INSIDERS Colour Sorters How to Build a Team of Great Territory Managers

How to Build a Team of Great Territory Managers

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One of our territory managers told me a story the other day about a horrible car-buying experience he recently had.

At the first dealership he stopped at, he was served by a younger salesperson who went straight to pushing product. “Let’s get you in the car! Let’s go for a drive! Let’s do a deal!” That kind of thing. When he explained that he wanted to buy something simple without all the bells and whistles, the salesperson continued to push him into looking at vehicles he didn’t want or need.

At the second dealership he went to, he encountered a veteran salesperson who started off by asking what he was looking for. He looked at it through the buyer’s eyes and went over and above to find something that would be a good fit.

The point isn’t that older salespeople are better than younger ones — that’s not always the case, by any means. The takeaway is that looking at a sale through the buyer’s eyes is a great success strategy.

I do the same thing in my line of work. It’s easy to push expensive product. It’s harder to pair a customer with the equipment that’s right for them. The good news is you can learn to do this by building the right team of territory managers who understand the value in looking through the customers’ eyes.

But how do you build that team?

Find the right people. This is obvious but can take time. Just because someone has an impressive resume doesn’t mean they’re right for the job. It’s not just about hopping in a truck and going out there and selling. They need to understand how to be a great territory manager.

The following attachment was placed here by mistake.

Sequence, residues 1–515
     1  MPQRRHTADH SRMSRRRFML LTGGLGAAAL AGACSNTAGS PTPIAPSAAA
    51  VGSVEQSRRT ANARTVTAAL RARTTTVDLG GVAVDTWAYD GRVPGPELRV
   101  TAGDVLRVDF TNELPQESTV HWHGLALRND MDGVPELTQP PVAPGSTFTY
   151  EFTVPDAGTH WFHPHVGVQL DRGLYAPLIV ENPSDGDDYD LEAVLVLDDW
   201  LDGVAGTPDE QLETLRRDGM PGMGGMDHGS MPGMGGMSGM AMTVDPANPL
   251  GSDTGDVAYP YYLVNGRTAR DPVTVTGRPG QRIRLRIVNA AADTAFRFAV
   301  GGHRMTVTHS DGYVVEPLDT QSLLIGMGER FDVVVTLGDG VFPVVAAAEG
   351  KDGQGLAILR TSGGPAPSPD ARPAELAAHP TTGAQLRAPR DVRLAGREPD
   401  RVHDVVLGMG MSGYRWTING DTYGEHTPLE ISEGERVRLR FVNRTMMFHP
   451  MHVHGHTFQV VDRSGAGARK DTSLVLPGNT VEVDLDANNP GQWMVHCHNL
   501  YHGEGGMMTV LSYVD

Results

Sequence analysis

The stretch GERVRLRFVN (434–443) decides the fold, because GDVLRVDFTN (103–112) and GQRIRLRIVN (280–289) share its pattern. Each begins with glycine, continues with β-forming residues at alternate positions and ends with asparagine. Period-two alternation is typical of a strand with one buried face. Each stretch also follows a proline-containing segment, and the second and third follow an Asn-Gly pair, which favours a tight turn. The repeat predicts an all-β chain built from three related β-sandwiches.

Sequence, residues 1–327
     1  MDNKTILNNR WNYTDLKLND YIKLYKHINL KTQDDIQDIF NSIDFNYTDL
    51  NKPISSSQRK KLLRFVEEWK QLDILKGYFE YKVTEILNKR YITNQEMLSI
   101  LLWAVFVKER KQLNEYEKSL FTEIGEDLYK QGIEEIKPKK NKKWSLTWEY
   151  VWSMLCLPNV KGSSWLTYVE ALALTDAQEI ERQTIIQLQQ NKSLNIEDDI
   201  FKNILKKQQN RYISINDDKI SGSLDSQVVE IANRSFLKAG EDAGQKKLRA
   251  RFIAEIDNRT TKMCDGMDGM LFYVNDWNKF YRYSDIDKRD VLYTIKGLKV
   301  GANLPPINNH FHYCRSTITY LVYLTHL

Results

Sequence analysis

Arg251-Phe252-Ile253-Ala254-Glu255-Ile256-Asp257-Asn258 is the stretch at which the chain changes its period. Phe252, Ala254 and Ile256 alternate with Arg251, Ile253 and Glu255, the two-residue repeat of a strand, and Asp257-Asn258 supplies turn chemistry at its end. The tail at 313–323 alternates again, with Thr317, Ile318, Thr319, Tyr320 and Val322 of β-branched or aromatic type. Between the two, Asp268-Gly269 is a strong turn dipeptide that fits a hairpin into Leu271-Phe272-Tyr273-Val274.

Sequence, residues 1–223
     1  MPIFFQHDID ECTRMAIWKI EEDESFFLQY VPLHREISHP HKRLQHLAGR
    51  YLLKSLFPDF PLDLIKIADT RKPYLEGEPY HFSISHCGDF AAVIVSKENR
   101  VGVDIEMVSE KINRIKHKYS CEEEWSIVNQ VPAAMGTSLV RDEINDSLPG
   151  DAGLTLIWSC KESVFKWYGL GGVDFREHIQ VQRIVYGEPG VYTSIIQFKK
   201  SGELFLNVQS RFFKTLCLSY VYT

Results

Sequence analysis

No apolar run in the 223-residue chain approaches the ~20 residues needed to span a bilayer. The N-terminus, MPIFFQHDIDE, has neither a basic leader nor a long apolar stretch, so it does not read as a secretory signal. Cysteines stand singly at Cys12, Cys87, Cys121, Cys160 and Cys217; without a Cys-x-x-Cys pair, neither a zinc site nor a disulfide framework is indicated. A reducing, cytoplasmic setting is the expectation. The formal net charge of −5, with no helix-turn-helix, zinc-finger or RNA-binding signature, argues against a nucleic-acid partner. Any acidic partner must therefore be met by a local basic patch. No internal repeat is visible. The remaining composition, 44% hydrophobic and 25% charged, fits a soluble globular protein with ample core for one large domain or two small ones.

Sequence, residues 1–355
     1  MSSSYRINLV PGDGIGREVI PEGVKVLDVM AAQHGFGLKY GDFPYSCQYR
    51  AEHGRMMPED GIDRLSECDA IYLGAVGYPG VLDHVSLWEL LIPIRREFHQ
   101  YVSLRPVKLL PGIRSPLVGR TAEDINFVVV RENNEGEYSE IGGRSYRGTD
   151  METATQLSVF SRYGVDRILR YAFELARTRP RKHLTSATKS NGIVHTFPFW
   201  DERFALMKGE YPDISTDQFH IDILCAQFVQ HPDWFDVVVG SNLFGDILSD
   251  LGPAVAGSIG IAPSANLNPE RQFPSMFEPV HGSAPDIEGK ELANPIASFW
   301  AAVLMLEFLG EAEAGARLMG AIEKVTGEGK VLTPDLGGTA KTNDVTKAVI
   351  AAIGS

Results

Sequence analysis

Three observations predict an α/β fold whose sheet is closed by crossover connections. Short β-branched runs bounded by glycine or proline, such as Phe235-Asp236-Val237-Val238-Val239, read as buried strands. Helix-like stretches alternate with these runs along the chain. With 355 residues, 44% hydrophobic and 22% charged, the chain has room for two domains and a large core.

Impress upon them the importance of relationships. Your territory managers have to be good at cultivating relationships. Above all, they have to understand having a great product is important — but using that product to help customers succeed is just as critical, if not more so.

Encourage them to make the job their own. Good territory managers won’t ever feel like they’re being micromanaged if the goals you set for them are their ideas to live out. I take time to do a de-briefing exercise with my territory managers. After they make a sale, we go over what worked and what they learned, and how they can use those insights to help others and build upon their successes. They have full control over how they approach their job.

Rod Cockerline
Rod Cockerlinehttps://www.nexeed.ca
Vice-President, Sales, Nexeed - Rod is a farm boy from Pilot Mound, Man. He obtained his marketing and management degree from Dakota College at Bottineau in North Dakota, where he also played hockey, which taught him the importance of being a strong team member and working toward a common goal. Rod joined Nexeed in 2001.
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